“His central argument, buttressed by countless well-chosen examples and enlivened by the odd whimsical digression, is that neither a phonetic, nor a semantic, nor a grammatical account of our punctuation system is singly sufficient. Those hoping to make punctuation logically consistent are chasing a will o’ the wisp – and ignoring the aesthetics and the pragmatics of practice. But nor is it a complete free-for-all. There are discoverable rules, or at least workable generalisations, about how punctuation functions. However, they are discoverable by the study of usage rather than from old school textbooks.”
Only, said pendants then all descend upon the comments section to argue over en-dashes, semicolons (or is it semi-colons), and even the usage of the humble comma.
It’s not that I disagree with the idea of correct usage, it’s the puritanical zeal with which some pursue it that puzzles me. If only people could get as animated about real injustices…
While on Twitter yesterday, I noticed that a user had ‘cosmetologist’ listed in her bio. Being ignorant – and assuming it something to do with new age practices such as ‘astrology’ – I ignored it. It then came up again on a news page this morning, so I decided to investigate.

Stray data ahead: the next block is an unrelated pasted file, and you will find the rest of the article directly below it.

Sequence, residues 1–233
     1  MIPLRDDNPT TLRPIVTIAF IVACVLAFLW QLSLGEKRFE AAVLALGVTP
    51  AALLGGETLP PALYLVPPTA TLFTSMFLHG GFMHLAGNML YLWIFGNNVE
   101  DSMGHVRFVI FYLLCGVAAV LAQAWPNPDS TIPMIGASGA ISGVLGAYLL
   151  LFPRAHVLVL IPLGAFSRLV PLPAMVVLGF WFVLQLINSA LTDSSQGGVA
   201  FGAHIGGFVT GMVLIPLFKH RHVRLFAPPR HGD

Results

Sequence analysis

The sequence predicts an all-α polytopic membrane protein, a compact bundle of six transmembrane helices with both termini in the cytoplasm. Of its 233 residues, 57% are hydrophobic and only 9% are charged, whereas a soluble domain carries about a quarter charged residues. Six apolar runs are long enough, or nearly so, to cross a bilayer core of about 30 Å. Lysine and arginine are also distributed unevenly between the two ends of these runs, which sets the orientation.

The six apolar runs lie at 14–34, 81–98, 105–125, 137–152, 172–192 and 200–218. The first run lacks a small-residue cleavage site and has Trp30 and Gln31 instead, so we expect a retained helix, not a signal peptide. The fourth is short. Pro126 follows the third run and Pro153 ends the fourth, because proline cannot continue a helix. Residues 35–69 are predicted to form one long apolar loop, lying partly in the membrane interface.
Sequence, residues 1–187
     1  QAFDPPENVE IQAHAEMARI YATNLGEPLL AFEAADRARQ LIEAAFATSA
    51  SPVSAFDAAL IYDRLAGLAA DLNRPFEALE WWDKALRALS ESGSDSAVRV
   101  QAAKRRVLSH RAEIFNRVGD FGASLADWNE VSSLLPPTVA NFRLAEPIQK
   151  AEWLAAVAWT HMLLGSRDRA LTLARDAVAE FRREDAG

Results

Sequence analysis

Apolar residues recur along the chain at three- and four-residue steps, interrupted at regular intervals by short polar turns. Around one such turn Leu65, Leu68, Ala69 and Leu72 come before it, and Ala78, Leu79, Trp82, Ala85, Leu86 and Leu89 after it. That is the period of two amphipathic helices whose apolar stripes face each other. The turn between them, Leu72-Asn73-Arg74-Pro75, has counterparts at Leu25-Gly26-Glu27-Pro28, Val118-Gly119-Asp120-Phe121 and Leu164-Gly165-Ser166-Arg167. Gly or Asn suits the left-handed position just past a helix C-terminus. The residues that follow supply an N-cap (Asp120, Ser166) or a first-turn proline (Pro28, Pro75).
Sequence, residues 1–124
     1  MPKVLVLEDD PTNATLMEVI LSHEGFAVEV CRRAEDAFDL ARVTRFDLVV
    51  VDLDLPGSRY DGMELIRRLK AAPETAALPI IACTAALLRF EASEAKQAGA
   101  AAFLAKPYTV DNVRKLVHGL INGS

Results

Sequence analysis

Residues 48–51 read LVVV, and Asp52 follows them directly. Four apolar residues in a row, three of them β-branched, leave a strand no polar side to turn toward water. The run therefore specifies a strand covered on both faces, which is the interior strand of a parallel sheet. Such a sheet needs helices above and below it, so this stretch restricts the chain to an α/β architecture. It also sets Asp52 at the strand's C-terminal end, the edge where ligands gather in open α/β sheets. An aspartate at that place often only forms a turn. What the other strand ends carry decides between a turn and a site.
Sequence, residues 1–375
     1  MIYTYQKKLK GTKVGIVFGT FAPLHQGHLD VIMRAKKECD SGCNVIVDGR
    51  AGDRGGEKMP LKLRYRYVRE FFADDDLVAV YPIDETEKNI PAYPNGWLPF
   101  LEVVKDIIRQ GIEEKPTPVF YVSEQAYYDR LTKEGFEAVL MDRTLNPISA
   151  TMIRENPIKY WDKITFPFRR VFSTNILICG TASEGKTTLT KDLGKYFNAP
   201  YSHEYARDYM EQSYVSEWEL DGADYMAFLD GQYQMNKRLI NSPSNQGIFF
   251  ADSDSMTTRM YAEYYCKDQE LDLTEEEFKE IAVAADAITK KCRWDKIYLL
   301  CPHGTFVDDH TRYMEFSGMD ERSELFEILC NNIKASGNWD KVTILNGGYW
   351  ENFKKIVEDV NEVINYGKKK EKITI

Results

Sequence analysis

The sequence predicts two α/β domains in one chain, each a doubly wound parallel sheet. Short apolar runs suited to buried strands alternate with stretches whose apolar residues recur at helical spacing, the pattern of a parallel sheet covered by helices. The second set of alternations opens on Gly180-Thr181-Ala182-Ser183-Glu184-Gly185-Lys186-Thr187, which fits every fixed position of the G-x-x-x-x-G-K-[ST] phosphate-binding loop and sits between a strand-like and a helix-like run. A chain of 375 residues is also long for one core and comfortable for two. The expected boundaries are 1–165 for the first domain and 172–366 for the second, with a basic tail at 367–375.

Turns out that it’s one of those inflated job titles – you know how caretakers and janitors are now premises managers and bin men are environmental maintenance officers? Essentially, it looks like a cosmetologist is a beautician.
Nothing wrong with that, except that the first step on the rung to becoming one probably means that you have to train as a ‘shampoo technician’. I’m going by the Wikipedia page here, but it gets more ridiculous the further that you read: apparently a ‘Cosmecaregiver’ works in a branch of cosmetology that “involves systematic coherent approach of newly developed medical beauty hygienic for hair, nails and skin of bedridden people.” What this means in plain English is up for debate – the whole page is couched in what linguists refer to as ‘utter bollocks’.